The headlining feature of Series 3 is LTE connectivity. While the feature is cool in concept, many reviewers had issues:
Apple Watch Series 3 with cellular networking completely alleviates this anxiety. It is not a replacement for a phone, and is not supposed to be. But it lets you leave your phone at home when you go for a run, or in your locker while you’re at the gym, or in your hotel while you go to the beach, and not worry in the least that you’re out of touch.
Audio quality for phone calls on the watch is very good. People I called via the watch said I sounded great, and I could hear them loud and clear. And all of my testing of phone calls on the watch took place mid-day on busy city streets — full of traffic and pedestrians — here in Philadelphia. People won’t know you’re calling them from your watch if you don’t tell them.
A cellular device is, sometimes literally, a lifeline. That’s why I can’t recommend the cellular Apple Watch Series 3 until the connectivity is more reliable. Even then, the battery life could be a buzz kill for some.
After testing the cellular watch for a week, I found it to be an excellent smart watch that is a significant improvement over the first Apple Watch, which was slow, confusing to use and deeply flawed.
It became apparent after my first full day using the Apple Watch Series 3 with LTE that something wasn’t right… phone calls did sometimes work from the Watch, but I had to manually tap through my contacts or recent calls list on the Watch and initiate the call that way. (Calls through Bluetooth headphones sound good, but the Watch’s built-in audio isn’t ideal for extended conversations.) By 11:42 that morning, after 60 minutes of working out with LTE, multiple attempts to use Siri, and two seven-minute phone calls, the Watch’s battery had drained to 27 percent.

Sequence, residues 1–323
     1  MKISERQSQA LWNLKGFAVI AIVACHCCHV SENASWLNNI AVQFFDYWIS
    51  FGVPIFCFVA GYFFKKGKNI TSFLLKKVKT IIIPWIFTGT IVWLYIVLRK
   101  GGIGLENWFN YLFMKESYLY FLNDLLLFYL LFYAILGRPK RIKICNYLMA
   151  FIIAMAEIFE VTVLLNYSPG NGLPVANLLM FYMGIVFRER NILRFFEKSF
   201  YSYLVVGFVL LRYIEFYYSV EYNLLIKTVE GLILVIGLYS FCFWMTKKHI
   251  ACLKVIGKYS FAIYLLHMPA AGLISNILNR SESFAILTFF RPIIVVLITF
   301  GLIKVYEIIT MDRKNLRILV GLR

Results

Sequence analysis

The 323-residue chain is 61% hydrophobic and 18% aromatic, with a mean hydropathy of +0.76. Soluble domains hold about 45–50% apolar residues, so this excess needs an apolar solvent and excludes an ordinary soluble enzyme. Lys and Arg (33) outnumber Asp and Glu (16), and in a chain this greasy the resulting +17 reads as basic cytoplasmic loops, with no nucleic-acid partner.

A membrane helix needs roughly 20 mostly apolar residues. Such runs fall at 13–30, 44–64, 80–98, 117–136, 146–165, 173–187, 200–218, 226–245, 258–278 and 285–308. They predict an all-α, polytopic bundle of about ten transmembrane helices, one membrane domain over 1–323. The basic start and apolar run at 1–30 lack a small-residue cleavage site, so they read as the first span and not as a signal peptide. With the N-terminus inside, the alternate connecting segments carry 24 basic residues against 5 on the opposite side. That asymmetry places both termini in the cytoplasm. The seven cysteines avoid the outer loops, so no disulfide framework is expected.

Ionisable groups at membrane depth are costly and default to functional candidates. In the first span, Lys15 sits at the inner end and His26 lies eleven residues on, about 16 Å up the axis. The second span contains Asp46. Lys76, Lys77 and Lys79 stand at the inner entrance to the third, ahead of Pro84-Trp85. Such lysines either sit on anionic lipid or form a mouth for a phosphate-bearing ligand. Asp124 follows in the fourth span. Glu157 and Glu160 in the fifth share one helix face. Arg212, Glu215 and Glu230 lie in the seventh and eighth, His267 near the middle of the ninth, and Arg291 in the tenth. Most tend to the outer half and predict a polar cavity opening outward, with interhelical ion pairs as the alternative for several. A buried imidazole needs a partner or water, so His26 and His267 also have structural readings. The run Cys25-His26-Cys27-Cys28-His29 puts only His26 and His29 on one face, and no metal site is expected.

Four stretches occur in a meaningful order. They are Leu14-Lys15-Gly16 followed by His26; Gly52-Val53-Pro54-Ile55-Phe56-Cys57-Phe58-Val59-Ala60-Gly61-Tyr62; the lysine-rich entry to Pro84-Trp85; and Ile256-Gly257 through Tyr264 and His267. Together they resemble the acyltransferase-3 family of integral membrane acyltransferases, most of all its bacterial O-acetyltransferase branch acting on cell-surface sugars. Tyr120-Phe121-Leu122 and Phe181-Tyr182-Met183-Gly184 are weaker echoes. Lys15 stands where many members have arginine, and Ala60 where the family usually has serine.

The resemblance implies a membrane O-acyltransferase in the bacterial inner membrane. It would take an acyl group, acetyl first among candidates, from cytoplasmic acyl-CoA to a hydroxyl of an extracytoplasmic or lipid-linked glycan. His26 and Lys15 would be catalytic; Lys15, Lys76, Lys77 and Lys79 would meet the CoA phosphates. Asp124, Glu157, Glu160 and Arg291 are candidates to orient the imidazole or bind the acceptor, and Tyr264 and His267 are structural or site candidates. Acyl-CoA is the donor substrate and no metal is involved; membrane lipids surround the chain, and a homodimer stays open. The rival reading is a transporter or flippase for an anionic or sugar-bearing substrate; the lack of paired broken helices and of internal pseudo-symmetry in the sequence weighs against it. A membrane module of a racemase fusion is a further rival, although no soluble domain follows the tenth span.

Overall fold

So Apple replaced my original review unit with a second Series 3 Watch… [b]ut that doesn’t mean the LTE connectivity issues went away. On more than one occasion, I detached myself from the phone, traveled blocks away from my home or office, and watched the Watch struggle to connect to LTE. It would appear to pick up a single bar of some random Wi-Fi signal, and hang on that, rather than switching to LTE.
The Verge’s review unit appeared to pick up any unsecured Wi-Fi network it detected, resulting in dropped LTE connections. Apple later issued a statement.
“We have discovered that when Apple Watch Series 3 joins unauthenticated Wi-Fi networks without connectivity, it may at times prevent the watch from using cellular, we are investigating a fix for a future software release.”
Apple Watch Series 3 clearly has potential, but at launch has some major bugs to iron out. We wouldn’t recommend buying one at launch, and rather would recommend waiting for some software updates before considering a purchase.
Binyamin has been writing about Apple and the tech sector as a whole for over five years.
His work has been featured on Forbes, MacWorld, Giga, MacLife, and more.
Additionally, Goldman is the Founder of BZG, a software development company focusing on Apple devices.
Currently a Senior Writer at AppleToolbox, Goldman has written for Updato and Inside Pulse and was a founding member of WatchAware and Mulling Apple.